Blagojevich said that while most gas stations won’t use a natural disaster as an excuse to raise prices, “there are always a few bad apples.”

“Unfortunately, the actions of a those few bad apples could mean higher gas prices for drivers,” he said.

Well for cry-eye, it’s a few gas stations he’s worried about?  Why all the fuss?

That media love of regulation

“I think I know why” media ignore the “scandal” of lives lost in the wake of fuel efficiency on autos, writes Jay Ambrose for Scripps-Howard News Service. 

I think the fault lies with a widespread news-media mindset in which regulations are almost always the good guys riding down the hill to rescue the citizenry from that villain of villains: dastardly business practices. It’s very nearly unfathomable to some reporters that no matter how well-intentioned, sweeping governmental interventions in the world of manufacturing and commerce can do more harm _ snuff out more lives _ than any dozen corporate CEOs on the greediest, most callous or negligent day they have ever had.

What we need are more reporters, editors, and publishers who are sceptical of bureaucrats’ ability to decide what’s good for us — as opposed to ourselves acting in a free market.

Blago and the gas pumps

Meanwhile, gas prices rise, but it’s Blago to the rescue:

Gov. Rod Blagojevich on Monday asked Illinois’ attorney general to investigate possible price gouging at gas stations as Hurricane Katrina battered the Gulf Coast, a crucial area for U.S. oil and natural gas operations.

More:

“While losing a significant portion of our nation’s domestic oil production will likely cause an increase in oil prices, it is critical that we ensure that no one be allowed to use this natural disaster as an excuse to exploit consumers,” Blagojevich wrote to Attorney General Lisa Madigan, also a Democrat.

But what are Blago and Lisa going to do about it?  Supply down, demand up, and prices with it.  Would they have us ignore that law?  Or don’t they believe in it.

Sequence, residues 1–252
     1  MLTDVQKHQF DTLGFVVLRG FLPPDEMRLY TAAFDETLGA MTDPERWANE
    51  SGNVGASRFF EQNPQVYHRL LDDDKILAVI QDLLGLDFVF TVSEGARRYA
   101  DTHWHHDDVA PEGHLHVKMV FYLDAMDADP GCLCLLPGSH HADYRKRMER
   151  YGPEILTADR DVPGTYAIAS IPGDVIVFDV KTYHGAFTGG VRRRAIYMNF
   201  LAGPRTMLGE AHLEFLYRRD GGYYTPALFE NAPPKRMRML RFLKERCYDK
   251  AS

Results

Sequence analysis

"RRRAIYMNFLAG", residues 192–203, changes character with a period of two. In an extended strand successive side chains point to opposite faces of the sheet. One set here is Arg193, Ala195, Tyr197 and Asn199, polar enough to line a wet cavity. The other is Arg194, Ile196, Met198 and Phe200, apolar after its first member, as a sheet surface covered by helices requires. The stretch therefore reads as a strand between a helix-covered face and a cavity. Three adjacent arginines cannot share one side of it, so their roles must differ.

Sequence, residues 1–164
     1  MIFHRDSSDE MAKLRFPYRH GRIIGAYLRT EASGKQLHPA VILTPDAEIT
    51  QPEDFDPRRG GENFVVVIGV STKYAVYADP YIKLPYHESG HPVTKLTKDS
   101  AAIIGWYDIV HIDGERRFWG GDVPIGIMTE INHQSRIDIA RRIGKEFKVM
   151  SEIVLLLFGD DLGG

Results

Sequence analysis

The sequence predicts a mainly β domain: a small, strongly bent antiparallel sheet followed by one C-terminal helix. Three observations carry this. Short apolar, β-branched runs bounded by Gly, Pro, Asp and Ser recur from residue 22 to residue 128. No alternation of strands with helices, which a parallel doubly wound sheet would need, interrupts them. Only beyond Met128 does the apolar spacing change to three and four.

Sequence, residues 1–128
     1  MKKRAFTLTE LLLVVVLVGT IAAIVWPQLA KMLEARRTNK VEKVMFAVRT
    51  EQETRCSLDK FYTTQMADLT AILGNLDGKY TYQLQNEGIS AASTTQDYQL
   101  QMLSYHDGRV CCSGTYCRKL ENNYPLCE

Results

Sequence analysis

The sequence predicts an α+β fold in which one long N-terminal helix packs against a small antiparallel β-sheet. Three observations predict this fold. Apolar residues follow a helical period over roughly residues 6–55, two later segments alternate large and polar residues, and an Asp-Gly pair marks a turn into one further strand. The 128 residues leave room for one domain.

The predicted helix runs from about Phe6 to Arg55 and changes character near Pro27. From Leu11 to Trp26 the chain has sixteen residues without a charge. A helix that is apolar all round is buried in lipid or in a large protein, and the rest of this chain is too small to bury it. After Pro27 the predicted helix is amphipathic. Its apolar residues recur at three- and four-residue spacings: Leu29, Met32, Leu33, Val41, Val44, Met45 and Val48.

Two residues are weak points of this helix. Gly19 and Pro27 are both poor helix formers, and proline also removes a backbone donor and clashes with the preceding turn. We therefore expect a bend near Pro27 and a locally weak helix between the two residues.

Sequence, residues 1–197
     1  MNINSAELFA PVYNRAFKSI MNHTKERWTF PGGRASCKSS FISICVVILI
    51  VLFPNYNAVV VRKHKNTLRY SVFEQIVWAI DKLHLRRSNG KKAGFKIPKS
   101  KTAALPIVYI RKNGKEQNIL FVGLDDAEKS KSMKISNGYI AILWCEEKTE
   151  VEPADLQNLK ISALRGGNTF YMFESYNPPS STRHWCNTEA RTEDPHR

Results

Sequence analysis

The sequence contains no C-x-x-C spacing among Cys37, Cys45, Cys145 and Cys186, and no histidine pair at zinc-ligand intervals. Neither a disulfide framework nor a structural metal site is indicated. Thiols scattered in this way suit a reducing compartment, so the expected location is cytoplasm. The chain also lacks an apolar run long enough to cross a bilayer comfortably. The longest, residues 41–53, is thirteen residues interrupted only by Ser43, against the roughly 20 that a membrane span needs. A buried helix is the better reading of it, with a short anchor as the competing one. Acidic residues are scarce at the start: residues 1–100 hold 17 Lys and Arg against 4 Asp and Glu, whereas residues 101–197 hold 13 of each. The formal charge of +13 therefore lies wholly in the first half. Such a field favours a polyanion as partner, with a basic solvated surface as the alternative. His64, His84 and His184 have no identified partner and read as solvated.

I have a law that ought to be passed: all governors should take Economics 101 at the state campus nearest their home.

Blagojevich said that while most gas stations won’t use a natural disaster as an excuse to raise prices, “there are always a few bad apples.”

“Unfortunately, the actions of a those few bad apples could mean higher gas prices for drivers,” he said.

Well for cry-eye, it’s a few gas stations he’s worried about?  Why all the fuss?

That media love of regulation

“I think I know why” media ignore the “scandal” of lives lost in the wake of fuel efficiency on autos, writes Jay Ambrose for Scripps-Howard News Service. 

I think the fault lies with a widespread news-media mindset in which regulations are almost always the good guys riding down the hill to rescue the citizenry from that villain of villains: dastardly business practices. It’s very nearly unfathomable to some reporters that no matter how well-intentioned, sweeping governmental interventions in the world of manufacturing and commerce can do more harm _ snuff out more lives _ than any dozen corporate CEOs on the greediest, most callous or negligent day they have ever had.

What we need are more reporters, editors, and publishers who are sceptical of bureaucrats’ ability to decide what’s good for us — as opposed to ourselves acting in a free market.

Writing long

This in PR Week is on the mark for other papers too, with hat tip to Poynteronline:

NYT[imes] business reporter Alex Berenson says: “I think the Times needs to be a lot more careful about what we demand from our readers, and how much time we ask that they spend with us every day. And I think we write too much and too long often, and I’ve tried increasingly to be conscious of that in my own stories, that there’s no reason to write 1,200 words when 800 will do. … You should save the length for the stories that really deserve it. I think that that is going to be a big cultural change at the Times in the next few years, and younger people hopefully will have an easier time with [it].”

Write tight.

Writing long

This in PR Week is on the mark for other papers too, with hat tip to Poynteronline:

NYT[imes] business reporter Alex Berenson says: “I think the Times needs to be a lot more careful about what we demand from our readers, and how much time we ask that they spend with us every day. And I think we write too much and too long often, and I’ve tried increasingly to be conscious of that in my own stories, that there’s no reason to write 1,200 words when 800 will do. … You should save the length for the stories that really deserve it. I think that that is going to be a big cultural change at the Times in the next few years, and younger people hopefully will have an easier time with [it].”

Write tight.